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Appalachian floods kill at least 16 as rescue teams deploy; more flooding in St. Louis region

Members of the Winchester, Ky., Fire Department walk inflatable boats across flood waters over Ky. State Road 15 in Jackson, Ky., to pick up people stranded by the floodwaters Thursday, July 28, 2022.

JACKSON, Ky. — Search and rescue teams backed by the National Guard are searching flooded Appalachian communities for missing people. Record floods have wiped out entire communities in some of the poorest places in America.

Kentucky’s governor said 16 people have died, a toll he expects to grow as the rain keeps falling.

The Kentucky River crested six feet above its previous record. Entire towns that hug creeks and streams in narrow valleys were swallowed up.

The water swept vehicles into useless piles, crunched runaway equipment against bridges and swamped homes and businesses.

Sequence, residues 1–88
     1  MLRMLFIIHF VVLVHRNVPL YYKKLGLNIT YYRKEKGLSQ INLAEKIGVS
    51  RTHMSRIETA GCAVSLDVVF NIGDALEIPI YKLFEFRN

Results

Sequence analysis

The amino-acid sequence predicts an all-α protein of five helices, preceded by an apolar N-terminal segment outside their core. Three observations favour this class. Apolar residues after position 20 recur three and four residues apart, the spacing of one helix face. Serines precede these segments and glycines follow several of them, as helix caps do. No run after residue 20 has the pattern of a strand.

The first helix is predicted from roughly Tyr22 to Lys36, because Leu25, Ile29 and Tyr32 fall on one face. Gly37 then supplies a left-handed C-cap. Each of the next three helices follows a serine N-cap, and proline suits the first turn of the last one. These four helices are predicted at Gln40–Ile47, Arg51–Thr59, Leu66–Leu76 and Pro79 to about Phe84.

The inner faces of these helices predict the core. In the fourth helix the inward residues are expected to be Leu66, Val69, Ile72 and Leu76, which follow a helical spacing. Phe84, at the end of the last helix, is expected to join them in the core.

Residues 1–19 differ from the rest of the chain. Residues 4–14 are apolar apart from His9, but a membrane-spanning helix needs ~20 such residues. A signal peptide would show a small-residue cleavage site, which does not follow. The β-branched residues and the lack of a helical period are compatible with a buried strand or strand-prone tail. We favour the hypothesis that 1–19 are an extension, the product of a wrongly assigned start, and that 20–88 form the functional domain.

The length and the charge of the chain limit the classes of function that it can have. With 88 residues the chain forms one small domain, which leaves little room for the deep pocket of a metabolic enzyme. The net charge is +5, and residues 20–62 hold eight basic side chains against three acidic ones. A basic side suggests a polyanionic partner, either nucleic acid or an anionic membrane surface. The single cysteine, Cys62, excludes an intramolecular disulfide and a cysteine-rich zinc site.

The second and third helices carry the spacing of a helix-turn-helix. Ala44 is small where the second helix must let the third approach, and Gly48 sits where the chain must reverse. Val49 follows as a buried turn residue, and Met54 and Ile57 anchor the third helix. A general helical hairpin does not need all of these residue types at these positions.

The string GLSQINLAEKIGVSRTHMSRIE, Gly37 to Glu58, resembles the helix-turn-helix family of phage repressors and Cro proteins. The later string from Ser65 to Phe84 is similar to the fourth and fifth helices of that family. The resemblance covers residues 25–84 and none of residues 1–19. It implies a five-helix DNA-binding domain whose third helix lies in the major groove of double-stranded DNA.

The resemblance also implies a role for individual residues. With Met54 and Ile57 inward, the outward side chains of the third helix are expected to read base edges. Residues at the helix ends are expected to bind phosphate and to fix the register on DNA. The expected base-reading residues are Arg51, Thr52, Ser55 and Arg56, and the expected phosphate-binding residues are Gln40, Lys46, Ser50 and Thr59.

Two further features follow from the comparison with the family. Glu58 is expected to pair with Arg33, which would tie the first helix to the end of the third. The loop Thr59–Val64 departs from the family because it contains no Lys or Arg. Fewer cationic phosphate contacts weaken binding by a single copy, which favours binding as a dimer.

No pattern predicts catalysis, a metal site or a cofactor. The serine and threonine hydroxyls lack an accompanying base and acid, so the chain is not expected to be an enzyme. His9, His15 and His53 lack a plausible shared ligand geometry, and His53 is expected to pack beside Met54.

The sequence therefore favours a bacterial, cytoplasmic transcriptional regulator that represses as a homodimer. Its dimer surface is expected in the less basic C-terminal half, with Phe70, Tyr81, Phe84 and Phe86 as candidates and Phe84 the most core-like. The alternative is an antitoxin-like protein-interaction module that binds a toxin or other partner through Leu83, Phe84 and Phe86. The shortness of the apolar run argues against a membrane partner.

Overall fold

Mudslides on steep slopes have left many people marooned and without power, making rescues difficult.

ST. LOUIS — Heavy rains brought another round of flooding to the St. Louis region, prompting firefighters to help dozens of people escape the floodwaters.

No injuries were reported from Thursday’s flooding, but the St. Louis Fire Department said on Twitter that it responded to 75 flooding-related emergencies and 60 people were rescued or helped to safety.

Among the rescues, the department said firefighters carried six children to safety from a daycare at Cornerstone Institutional Baptist Church, where 15 children and three adults reportedly were trapped.

The storms that began Thursday afternoon didn’t drop as much rain as storms Tuesday, but they hit as the region was already recovering from widespread flooding brought by those storms.

 

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Associated Press

Associated Press

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